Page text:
Huck's dialect is reflective of Twain's use of regionalism and local color in his writing. He populates his work with characters who speak like the locals would have actually spoken in that area. This is much the same as modern-day writers who use urban slang in their works to give their characters a "street" quality or the use of "country" dialect to represent characters who live in rural areas. When a writer chooses to use improper grammar and phonetic spellings of words such as Twain does, the writer is making the characters more realistic. An uneducated youth from a small southern town is not going to speak like a Harvard educated English professor! Had Twain used "standard" English, he would not have achieved the same effect with his characters. Readers would have gotten to know them for what they said, but not for who they really were (or who they actually represented).
Yet Huck is still on a slightly higher level than his pap. Huck states:
If I never learnt nothing else out of pap, I learnt that the best way to get along with his kind of people is to let them have their own way.
He uses some regional dialect (learnt nothing else out of) but nowhere near as much as his "pap" uses:
Who told you you might meddle with such hifalut'n foolishness, hey?
says his pap about Huck's attempts at education. Could you imagine if his father had said: "Who encouraged you to think that the pursuit of education was within your reach?" for example, it just wouldn't sound the same!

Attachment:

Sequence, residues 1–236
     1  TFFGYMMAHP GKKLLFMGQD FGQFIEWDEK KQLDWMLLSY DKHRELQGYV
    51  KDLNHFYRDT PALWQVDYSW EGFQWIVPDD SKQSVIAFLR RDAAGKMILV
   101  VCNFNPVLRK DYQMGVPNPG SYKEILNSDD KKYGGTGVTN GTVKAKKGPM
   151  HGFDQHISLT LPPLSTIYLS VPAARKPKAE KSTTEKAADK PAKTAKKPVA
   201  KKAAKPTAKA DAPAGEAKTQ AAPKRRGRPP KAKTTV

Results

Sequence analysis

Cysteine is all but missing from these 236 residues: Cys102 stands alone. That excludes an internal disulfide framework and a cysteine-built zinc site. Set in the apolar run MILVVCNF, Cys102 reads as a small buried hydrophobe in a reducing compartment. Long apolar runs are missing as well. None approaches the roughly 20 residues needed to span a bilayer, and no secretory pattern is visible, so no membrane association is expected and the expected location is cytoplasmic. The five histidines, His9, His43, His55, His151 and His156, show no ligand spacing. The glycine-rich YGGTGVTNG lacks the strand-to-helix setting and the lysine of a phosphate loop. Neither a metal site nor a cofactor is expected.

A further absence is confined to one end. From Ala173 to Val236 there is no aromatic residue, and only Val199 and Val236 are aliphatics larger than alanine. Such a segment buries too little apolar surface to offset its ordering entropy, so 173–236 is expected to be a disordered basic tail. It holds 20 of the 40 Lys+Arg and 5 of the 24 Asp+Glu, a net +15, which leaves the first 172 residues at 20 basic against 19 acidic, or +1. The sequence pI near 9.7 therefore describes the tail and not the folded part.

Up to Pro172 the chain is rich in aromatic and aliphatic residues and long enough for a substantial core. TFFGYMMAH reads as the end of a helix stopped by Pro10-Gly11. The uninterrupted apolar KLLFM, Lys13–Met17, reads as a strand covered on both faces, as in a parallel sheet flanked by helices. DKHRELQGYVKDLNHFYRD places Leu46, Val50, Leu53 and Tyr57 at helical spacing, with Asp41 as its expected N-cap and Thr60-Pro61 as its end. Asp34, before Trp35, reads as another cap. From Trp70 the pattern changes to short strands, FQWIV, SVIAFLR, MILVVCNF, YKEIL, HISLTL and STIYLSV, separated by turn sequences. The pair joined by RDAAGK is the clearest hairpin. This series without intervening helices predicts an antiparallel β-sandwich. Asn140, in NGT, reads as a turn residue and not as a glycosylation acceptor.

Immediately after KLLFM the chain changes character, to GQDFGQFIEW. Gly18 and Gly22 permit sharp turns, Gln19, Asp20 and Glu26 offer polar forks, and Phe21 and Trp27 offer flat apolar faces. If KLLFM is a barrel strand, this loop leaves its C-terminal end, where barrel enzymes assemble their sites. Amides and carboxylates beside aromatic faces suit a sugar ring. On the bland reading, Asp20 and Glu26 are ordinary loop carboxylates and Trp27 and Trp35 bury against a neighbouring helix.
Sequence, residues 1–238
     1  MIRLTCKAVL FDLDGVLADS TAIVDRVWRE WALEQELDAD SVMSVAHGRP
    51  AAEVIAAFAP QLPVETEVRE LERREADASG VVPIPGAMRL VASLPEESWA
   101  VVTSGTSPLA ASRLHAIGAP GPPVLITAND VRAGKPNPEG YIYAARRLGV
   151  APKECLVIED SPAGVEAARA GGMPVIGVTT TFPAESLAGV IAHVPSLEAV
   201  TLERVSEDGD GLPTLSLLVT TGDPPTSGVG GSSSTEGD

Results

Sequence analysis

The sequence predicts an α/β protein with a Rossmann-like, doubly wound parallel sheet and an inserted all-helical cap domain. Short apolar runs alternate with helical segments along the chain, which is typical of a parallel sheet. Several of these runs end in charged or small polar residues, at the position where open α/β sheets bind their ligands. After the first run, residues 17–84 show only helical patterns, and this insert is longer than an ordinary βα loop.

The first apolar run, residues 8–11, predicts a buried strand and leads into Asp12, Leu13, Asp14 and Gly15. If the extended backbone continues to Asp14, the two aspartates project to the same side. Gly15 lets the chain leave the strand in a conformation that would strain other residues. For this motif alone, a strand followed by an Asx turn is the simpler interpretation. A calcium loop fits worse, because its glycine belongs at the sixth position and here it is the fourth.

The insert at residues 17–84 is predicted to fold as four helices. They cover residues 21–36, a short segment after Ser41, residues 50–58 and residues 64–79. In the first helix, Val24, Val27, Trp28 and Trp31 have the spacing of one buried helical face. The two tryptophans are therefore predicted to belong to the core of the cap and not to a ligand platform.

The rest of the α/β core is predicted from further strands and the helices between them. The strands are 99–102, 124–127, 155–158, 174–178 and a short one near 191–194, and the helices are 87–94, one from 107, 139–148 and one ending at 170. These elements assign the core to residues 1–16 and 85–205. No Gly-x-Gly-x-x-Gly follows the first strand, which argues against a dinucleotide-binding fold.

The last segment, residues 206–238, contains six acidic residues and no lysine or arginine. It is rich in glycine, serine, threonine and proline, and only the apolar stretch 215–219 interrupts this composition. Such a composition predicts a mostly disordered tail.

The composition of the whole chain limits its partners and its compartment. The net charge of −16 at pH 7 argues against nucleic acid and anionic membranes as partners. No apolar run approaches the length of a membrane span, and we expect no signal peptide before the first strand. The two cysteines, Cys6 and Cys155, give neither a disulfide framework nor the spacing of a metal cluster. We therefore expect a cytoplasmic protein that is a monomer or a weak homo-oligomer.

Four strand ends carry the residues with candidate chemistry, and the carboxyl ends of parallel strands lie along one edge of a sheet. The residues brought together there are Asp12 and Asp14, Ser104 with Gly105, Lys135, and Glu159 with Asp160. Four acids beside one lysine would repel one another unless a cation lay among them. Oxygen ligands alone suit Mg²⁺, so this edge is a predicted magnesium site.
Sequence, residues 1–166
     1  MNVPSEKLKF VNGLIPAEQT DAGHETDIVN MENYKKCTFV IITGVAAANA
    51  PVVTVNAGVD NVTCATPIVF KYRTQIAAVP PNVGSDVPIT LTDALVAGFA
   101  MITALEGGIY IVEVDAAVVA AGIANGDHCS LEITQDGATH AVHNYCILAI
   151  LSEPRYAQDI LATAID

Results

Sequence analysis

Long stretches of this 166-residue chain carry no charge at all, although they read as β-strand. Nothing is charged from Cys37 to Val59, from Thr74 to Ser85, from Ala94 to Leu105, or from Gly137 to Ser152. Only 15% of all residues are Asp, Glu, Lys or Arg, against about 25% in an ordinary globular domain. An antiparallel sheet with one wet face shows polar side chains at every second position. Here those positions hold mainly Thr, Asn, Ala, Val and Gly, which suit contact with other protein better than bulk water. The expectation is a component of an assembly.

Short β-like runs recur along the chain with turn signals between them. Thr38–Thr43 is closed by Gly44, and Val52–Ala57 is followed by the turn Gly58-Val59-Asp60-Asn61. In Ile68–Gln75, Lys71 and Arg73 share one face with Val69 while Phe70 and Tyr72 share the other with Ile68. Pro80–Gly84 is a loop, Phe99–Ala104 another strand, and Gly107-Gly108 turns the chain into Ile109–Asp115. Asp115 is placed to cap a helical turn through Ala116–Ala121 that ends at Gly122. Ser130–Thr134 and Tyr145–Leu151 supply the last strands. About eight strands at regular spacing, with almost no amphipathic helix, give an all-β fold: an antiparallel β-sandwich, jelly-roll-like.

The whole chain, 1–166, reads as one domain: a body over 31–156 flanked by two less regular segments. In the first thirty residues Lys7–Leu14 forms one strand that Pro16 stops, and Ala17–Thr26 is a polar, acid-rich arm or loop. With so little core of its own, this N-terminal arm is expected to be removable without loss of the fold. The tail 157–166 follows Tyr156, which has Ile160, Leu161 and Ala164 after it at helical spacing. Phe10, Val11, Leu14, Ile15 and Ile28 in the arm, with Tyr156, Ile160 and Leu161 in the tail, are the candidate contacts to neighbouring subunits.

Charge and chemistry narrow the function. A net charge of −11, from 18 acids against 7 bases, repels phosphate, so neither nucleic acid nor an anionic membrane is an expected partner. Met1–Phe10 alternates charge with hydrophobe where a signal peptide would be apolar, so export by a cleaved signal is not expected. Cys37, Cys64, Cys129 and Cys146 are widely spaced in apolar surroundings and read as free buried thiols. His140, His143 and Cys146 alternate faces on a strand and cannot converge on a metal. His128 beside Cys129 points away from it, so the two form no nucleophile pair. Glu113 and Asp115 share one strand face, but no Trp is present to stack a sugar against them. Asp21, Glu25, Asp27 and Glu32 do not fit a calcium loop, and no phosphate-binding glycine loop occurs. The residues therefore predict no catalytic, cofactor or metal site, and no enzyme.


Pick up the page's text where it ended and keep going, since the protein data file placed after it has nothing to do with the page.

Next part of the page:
His dialect is one of the South pre civil-war, and its effect is somewhat dependent on your perspective. Some would argue that it lends a certain authenticity to the novel, showing that the author is actually familiar with the customs and the speech of the time. It was also somewhat shocking to certain areas of society given that he used bad language and swear words, which was not entirely accepted at the time of the novel's publication.
One other possible effect of the dialect is to bring out the conflict and contrast between the perception of Huck as uncivilized and uneducated and his obvious intelligence as he navigates all kinds of difficult situations and problems. It lends a certain depth to the idea of how we judge people based on speech or appearance rather than their inner character or their actions.
If the novel were in standard English, it is difficult to imagine it would have some of the same effect. I think it would lose some level of authenticity and a certain affect that make it more interesting and meaningful. By removing the colloquialisms of the language, and using instead the more stratified and "accepted" English, I believe a great deal would be lost from the novel and its power as a descriptor of America at the time of its conception and publication.
There are all sorts of ways that Huck's dialect differs from regular English. He uses "incorrect" pronunciations of words and incorrect grammar or all sorts.
If the novel were written in Standard English, it would not hardly ring true. It would be very difficult to believe that a boy in that time and place who is almost completely uneducated would speak regular English. It would also be very difficult that an uneducated slave would speak proper English as well.
So the book would not seem as authentic as it does, in my opinion. There would also not be such a clear distinction between those who speak properly and those who do not.